The Untold Truth Of Myanmar's Military Government

At the end of the 20th century, Myanmar seemed poised to turn a corner. True, the military junta refused to honor multiparty elections — the first held in 30 years, according to Britannica – moving the United States to issue sanctions. But cease-fires were initiated between the Tatmadaw (military) and myriad insurgent groups that have warred for decades, and trade increased along the country's borders. Leaders of the political opposition were released from house arrest, leading to negotiations that freed a slew of less prominent political prisoners. China and India increased their support for the military (hoping to compete with one another for influence). And in 2008, after several false starts, a new constitution went into effect, paving the way for multiparty elections in 2011.

For 10 years, Myanmar made steps toward a democratic system with an international presence. Fairness in elections increased, the cease-fires went nationwide, and international sanctions were eased. Modest economic reforms were enacted, with more to come, and constitutional amendments to gradually reduce the military's presence in the legislature were proposed. But the amendments failed, and the Tatmadaw's violence toward minority groups brought international condemnation. In 2020, when elections didn't go the way the Tatmadaw hoped, they claimed fraud and seized full control of the government the following year. As of July 2022, Myanmar remains in a state of emergency under junta control (per Bloomberg).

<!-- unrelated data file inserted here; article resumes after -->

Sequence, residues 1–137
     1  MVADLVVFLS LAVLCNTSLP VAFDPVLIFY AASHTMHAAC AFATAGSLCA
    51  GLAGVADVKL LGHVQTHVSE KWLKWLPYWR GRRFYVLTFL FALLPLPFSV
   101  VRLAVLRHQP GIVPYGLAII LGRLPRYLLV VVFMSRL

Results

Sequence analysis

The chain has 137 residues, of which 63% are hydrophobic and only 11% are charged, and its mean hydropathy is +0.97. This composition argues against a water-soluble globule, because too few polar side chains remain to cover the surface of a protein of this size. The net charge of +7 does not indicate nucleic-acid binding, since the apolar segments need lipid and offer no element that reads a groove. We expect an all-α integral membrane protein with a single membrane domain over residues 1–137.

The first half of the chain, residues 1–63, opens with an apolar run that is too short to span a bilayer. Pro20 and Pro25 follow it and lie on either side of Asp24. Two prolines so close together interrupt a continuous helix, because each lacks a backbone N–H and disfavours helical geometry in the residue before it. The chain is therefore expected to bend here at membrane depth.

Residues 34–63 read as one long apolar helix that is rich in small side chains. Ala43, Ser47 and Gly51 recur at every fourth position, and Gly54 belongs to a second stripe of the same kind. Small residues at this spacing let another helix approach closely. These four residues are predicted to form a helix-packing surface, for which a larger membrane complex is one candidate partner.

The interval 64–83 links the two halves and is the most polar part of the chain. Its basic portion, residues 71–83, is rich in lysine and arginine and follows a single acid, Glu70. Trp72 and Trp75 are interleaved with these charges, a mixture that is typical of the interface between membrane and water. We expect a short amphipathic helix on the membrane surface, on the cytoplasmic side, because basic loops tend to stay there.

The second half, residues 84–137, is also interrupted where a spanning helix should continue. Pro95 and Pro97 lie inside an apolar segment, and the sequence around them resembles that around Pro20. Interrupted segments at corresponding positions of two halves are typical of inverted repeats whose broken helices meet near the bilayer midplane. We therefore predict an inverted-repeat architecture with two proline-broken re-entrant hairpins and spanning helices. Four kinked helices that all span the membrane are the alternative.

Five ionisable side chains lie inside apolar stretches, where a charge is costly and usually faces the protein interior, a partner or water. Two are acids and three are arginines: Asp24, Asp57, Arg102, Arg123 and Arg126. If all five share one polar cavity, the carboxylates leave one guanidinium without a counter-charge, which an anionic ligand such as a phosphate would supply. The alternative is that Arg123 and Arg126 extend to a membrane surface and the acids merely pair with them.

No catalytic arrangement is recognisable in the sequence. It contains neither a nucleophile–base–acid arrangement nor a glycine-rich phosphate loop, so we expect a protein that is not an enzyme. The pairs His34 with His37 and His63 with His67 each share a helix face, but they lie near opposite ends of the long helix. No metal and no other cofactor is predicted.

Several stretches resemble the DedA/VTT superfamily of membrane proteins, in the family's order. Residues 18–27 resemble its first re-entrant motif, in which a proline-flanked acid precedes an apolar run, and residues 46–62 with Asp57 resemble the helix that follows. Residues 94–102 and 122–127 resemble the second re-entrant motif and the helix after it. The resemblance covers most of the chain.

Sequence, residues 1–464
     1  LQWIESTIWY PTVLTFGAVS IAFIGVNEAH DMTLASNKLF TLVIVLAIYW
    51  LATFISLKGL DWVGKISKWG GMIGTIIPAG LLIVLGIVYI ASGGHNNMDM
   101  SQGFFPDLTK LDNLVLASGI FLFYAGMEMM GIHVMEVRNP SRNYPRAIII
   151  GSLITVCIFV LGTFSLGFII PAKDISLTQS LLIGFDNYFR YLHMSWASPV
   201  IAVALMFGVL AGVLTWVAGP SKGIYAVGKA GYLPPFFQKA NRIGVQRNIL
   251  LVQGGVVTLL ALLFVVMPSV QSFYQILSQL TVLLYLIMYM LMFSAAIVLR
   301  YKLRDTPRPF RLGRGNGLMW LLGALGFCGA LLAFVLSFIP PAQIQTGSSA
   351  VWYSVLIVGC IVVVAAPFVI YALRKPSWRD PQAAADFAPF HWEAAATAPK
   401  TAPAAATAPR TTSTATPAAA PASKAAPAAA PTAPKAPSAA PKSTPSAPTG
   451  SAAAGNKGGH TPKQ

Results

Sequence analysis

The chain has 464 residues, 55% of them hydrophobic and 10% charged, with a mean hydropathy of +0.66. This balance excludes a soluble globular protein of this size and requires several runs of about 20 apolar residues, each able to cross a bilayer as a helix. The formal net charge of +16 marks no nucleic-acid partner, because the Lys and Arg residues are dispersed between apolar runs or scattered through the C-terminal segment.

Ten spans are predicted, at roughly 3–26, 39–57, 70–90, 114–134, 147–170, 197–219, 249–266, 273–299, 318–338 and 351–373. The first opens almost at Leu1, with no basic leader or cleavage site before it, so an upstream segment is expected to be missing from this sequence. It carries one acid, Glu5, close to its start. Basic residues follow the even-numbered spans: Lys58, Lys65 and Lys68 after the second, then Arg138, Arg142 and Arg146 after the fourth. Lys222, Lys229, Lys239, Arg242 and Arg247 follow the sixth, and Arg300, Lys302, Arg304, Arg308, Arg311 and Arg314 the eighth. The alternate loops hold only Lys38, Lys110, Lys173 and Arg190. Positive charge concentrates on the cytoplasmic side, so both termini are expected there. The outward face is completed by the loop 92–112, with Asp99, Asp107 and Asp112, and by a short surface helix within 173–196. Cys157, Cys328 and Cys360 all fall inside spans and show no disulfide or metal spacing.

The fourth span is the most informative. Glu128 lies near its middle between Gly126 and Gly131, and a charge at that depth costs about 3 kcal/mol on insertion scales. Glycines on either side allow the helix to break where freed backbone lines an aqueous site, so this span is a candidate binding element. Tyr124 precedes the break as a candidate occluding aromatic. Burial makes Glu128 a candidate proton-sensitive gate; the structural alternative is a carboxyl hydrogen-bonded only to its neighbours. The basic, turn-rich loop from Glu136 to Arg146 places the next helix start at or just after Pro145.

Tensions in British Burma

Myanmar has long been known as Burma in the English-speaking world, for its dominant ethnic group and language. United in 1057 (per New Internationalist), Burma's territory waned and waxed through various dynasties and invasions, with the monastic community of the Sangha, an order of Theravada Buddhist monks, maintaining significant political power. In the 19th century, Burma fought three wars with the British Empire over territory along their border with India, ending with the British annexation of Burma into British India. Opposition to colonial subjugation was answered with wholesale destruction of villages, and the British manipulated local conflicts to their own ends.